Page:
Over the past 35 years, the European Union (EU) institutions have adopted eight framework programmes for research. The lifecycles of these framework programmes have been progressively streamlined and aligned with the general guidelines for the adoption of EU programmes. These lifecycles unfold in four key phases: adoption, implementation, execution, and evaluation, with the EU institutions being in charge of all phases except execution. The adoption of a new framework programme includes the preparation of an impact assessment, the preparation of the Commission proposals and the adoption of the various legislative acts by the European Parliament and the Council to establish the programme. The implementation phase covers the adoption of the work programmes and the selection of the projects to be funded. Following the execution of the research and innovation activities, the evaluation phase aims to assess the outcomes of the programmes and whether the initial objectives have been met. In 2018, a new cycle is expected to start for the adoption of the ninth framework programme for research and innovation (FP9) to be effective by 2020. Understanding the processes that take place under each phase of this cycle is important for the preparation and adoption of the key legislative acts, establishing (1) the framework programme itself, (2) the specific programmes for implementation, and (3) the rules for participation, and for dissemination of the programme's results.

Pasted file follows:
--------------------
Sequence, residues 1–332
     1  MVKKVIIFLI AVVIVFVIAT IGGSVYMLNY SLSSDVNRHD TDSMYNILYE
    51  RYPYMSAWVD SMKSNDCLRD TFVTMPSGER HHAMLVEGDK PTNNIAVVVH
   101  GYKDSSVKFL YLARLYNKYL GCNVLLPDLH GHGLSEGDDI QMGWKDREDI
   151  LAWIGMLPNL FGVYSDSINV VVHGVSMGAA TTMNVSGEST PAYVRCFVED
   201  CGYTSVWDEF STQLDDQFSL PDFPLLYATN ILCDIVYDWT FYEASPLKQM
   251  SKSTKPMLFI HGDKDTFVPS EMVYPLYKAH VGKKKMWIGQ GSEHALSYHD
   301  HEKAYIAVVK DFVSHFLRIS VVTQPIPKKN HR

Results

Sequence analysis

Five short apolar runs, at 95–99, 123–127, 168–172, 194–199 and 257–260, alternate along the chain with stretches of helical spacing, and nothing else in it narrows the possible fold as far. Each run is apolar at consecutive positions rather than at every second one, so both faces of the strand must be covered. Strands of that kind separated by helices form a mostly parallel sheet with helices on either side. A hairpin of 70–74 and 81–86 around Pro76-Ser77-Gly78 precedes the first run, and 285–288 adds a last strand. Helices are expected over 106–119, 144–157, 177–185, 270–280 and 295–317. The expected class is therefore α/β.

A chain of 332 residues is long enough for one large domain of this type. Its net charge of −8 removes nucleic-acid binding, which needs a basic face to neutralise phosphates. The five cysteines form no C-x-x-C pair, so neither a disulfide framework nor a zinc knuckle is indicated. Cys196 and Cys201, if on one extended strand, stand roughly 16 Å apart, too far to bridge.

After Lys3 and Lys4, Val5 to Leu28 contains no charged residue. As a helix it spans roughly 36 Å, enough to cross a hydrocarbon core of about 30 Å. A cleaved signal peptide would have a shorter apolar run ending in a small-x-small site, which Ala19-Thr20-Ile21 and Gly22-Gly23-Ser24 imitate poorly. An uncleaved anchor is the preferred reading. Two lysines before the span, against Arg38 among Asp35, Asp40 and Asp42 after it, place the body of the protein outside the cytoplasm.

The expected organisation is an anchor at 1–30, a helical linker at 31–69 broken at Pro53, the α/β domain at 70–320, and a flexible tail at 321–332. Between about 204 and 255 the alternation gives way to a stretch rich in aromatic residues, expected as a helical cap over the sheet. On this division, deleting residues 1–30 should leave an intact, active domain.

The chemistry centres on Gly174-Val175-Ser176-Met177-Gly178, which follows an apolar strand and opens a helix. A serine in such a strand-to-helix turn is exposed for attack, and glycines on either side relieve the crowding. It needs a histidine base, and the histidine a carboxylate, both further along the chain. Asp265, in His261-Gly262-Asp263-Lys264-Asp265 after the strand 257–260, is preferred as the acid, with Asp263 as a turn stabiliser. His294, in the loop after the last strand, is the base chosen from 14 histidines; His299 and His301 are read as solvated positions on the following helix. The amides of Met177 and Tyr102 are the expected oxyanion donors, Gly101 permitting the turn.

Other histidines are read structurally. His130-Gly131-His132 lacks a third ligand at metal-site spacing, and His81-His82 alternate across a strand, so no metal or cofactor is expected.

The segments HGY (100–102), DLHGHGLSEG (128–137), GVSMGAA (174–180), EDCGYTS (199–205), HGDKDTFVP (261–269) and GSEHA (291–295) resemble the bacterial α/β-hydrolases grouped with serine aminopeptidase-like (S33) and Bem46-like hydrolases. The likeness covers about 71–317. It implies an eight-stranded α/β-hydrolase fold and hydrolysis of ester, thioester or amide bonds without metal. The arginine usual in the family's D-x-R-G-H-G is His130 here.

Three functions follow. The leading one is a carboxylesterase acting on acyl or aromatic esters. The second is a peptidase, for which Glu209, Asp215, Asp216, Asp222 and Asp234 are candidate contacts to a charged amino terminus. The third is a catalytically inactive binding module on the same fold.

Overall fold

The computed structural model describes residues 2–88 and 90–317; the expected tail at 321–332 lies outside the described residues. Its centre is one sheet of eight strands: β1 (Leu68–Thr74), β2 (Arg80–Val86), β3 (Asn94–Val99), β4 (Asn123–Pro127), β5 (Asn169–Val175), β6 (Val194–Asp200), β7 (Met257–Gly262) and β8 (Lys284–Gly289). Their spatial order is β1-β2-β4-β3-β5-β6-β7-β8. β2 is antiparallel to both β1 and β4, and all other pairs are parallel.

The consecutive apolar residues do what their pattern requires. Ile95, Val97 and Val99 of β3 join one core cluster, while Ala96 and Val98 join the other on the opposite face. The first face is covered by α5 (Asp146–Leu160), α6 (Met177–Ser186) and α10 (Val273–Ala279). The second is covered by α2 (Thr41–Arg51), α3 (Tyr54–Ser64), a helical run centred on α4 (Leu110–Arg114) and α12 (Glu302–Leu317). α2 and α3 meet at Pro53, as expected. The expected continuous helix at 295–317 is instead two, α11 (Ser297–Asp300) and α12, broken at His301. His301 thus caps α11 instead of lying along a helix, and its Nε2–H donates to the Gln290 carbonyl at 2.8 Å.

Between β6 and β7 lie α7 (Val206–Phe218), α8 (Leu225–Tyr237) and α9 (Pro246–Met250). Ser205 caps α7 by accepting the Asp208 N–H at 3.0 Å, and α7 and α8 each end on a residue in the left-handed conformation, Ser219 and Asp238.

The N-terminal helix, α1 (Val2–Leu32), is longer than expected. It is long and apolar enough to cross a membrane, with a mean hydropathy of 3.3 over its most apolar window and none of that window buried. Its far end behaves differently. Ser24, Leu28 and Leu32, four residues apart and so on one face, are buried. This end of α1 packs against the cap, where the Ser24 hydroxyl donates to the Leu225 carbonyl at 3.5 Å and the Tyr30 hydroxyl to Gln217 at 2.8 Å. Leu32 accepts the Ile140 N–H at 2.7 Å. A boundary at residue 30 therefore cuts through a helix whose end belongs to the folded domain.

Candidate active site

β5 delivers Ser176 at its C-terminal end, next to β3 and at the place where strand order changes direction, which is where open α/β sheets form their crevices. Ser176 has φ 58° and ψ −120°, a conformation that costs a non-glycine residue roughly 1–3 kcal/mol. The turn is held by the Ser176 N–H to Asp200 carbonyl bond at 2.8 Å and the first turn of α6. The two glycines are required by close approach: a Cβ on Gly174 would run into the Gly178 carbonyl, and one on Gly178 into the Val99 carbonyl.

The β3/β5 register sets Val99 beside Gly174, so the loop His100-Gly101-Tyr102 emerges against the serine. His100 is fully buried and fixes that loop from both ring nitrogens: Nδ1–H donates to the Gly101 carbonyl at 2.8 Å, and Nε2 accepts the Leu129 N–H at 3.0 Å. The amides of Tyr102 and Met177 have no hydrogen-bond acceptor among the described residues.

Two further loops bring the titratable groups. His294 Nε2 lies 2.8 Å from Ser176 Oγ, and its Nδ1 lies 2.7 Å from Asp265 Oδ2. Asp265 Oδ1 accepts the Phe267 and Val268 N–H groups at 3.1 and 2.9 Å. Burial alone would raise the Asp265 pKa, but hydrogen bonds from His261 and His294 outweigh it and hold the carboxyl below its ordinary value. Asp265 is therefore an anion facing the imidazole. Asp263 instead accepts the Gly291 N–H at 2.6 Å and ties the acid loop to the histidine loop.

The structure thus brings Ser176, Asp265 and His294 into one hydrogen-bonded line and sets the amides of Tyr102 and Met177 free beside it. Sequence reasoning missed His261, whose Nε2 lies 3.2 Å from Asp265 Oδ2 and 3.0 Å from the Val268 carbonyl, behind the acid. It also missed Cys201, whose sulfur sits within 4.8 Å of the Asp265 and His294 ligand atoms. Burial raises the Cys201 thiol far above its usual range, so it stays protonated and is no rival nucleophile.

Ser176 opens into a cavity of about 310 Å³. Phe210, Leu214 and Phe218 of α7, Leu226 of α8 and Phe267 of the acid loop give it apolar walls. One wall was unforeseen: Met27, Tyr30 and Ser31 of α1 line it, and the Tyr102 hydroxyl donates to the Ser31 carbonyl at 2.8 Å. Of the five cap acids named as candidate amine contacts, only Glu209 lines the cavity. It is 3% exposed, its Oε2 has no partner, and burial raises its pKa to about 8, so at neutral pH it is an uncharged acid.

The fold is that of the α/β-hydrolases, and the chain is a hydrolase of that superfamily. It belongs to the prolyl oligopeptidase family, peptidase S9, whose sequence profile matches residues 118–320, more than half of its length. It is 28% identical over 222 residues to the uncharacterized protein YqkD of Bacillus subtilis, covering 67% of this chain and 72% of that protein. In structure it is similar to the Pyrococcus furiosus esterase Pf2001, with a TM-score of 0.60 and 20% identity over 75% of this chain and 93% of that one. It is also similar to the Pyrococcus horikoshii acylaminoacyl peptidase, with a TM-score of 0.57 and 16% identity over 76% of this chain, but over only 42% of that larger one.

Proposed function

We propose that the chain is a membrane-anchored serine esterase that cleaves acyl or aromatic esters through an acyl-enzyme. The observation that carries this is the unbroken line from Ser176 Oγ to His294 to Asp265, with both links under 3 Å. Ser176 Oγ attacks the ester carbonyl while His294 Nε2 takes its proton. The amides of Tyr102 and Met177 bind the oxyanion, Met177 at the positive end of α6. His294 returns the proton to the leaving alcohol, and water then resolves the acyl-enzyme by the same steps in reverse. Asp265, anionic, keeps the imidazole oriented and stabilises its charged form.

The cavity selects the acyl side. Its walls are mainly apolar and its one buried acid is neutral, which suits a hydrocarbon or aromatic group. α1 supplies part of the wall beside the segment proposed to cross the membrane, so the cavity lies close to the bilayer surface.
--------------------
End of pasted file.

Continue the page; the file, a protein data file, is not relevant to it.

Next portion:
Understanding artificial intelligence

11-01-2018

Artificial intelligence (AI) systems already permeate daily life: they drive cars, decide on mortgage applications, translate texts, recognise faces on social networks, identify spam emails, create artworks, play games, and intervene in conflict zones. The AI revolution that began in the 2000s emerged from the combination of machine learning techniques and 'big data'. The algorithms behind these systems work by identifying statistical correlation in the data they analyse, enabling them to perform ...